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Open Source Health Intelligence (OSHINT) for Foodborne Illness Event Characterization

Online Journal of Public Health Informatics
University of Illinois Libraries
Publication Date
  • Isds 2012 Conference Abstracts
  • Biology
  • Computer Science
  • Linguistics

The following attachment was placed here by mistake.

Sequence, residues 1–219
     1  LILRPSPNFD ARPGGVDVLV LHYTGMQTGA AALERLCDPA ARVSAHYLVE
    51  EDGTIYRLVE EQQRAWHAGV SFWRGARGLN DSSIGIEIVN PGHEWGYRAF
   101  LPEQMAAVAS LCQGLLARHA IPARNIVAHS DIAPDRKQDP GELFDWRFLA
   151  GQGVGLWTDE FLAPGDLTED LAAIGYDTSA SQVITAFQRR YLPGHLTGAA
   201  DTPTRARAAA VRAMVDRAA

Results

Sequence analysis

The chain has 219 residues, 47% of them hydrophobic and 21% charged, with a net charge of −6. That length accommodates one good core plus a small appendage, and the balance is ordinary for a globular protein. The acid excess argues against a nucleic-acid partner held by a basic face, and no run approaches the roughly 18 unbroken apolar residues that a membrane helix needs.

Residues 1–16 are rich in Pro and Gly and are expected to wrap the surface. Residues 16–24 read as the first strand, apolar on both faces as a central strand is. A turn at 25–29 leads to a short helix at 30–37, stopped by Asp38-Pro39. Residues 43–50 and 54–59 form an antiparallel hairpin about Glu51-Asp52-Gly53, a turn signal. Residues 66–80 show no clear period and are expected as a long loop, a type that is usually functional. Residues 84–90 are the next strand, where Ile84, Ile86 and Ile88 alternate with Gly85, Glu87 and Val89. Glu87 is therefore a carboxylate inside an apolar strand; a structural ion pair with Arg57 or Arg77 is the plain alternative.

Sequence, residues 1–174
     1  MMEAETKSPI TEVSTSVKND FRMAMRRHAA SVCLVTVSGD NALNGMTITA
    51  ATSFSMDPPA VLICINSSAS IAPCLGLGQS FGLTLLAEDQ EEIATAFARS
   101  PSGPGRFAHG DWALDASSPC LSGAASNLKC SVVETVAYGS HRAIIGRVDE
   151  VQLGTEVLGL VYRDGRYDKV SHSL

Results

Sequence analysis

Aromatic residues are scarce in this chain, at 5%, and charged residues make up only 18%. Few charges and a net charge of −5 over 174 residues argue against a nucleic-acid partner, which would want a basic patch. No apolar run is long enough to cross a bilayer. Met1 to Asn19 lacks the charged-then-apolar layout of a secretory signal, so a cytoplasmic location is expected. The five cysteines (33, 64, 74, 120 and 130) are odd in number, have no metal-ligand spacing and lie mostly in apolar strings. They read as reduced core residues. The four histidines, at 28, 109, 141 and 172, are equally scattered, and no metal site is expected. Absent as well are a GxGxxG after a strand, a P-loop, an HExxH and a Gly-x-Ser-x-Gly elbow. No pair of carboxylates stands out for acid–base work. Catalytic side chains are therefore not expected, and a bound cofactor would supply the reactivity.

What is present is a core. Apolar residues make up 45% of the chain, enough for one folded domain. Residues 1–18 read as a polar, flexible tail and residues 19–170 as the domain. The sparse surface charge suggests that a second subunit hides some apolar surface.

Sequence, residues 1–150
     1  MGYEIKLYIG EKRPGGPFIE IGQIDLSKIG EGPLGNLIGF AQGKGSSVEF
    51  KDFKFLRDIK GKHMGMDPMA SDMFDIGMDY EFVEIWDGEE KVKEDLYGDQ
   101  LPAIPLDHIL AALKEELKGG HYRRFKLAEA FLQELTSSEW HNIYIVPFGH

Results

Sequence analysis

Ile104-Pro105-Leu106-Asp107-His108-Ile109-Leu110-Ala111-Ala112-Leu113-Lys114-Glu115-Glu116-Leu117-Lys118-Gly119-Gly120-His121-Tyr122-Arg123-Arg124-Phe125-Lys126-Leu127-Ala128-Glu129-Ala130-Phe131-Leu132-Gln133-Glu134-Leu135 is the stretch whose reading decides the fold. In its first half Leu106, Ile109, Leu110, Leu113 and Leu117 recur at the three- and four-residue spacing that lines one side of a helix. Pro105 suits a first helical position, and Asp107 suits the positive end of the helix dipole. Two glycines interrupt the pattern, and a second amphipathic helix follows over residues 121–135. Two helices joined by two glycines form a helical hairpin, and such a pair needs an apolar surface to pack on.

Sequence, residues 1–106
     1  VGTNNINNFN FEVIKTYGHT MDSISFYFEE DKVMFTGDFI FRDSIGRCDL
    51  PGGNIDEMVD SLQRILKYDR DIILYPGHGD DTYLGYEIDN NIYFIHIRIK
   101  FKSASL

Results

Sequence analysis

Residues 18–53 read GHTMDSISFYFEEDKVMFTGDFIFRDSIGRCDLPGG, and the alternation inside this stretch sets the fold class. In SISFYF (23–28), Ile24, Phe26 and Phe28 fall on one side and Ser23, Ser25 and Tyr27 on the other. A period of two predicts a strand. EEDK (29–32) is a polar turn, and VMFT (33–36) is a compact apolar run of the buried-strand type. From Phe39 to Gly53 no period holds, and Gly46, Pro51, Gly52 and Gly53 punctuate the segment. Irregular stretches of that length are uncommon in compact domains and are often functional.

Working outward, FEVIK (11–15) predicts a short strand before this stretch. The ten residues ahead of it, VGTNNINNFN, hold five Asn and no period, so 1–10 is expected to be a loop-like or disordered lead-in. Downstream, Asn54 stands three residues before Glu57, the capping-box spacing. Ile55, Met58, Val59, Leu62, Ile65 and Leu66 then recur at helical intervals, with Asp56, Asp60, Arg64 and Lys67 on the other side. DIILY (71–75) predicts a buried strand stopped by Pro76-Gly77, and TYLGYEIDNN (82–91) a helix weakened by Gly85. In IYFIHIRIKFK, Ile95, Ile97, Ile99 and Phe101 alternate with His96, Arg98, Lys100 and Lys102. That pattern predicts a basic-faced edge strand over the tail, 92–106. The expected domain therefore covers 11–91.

Objective We propose a cloud-based Open Source Health Intelligence (OS-HINT) system that uses open source media outlets, such as Twitter and RSS feeds, to automatically characterize foodborne illness events in real-time. OSHINT also forecasts response requirements, through predictive models, to allow more efficient use of resources, personnel, and countermeasures in biological event response. Introduction An increasing amount of global discourse reporting has migrated to the online space, in the form of publicly accessible social media outlets, blogs, wikis, and news feeds. Social media also presents publicly available and highly accessible information about individual, real-time activity that can be leveraged to detect, monitor, and more efficiently respond to biological events. Methods Salmonella and Escherichia Coli (E. coli) events were selected based on the magnitude and number of reported outbreaks to the Centers for Disease Control (CDC) in the last ten years (1). These events affect multiple states and were large enough to ensure appropriate confidence levels when developing response metrics obtained from our prediction models. We collected social media data between 2006 – 2012 due to the emergence of Twitter, Facebook, and other social media utilization during this time period. Characterization is defined as the process of identifying specific event features that inform overall situational awareness. The number hospitalized, dead, or injured, in addition to patient demographics and symptoms were determined to be useful for our characterization and forecast event metrics. Analytical methods, such as term-frequency-inverse document frequency (TF-IDF), natural language processing (NLP), and information extraction, were used to characterize events according to our metrics. Lexicon development, during NLP implementation, was generated from online news articles used to describe the events. Lastly, forecasting algorithms were developed to predict the potential response based on similar historical events that were initially characterized by our information extraction algorithms. Results The OSHINT system was developed in Amazon Web Services and includes real-time social media collection for event characterization (see Figure 1). OSHINT currently characterizes number of victims ill, hospitalized, and dead due to foodborne illness events. OSHINT was used to characterize the recent national 2012 Salmonella event related to cantaloupes, during which OSHINT characterized social media posts related to the event, as news articles and Twitter tweets streamed into the system (Figure 2). On August 17, 2012 the OSHINT system identified a large increase in Twitter tweets mentioning salmonella. Social media data found absent (victims missing work or school day), death, hospital, and sick events to involve 2, 4, 17, 283 media mentions, respectively. Our TF-IDF algorithm characterized the salmonella event impact as two dead and 150 sickened by salmonella-tainted cantaloupe. Retrospective analysis of CDC reported data on August 30, 2012 indicated the salmonella event involved two deaths in 204 cases (2). Conclusions The OSHINT team is continually developing and refining characterization and forecasting algorithms used in the system. Upon completion, OSHINT will characterize symptoms, geography, and demographics for E. coli and Salmonella events. The system will also forecast number sick, dead, and hospitalized for an effective and quick response. We will refine our algorithms and evaluate the system against past and future events to provide confidence in our results.

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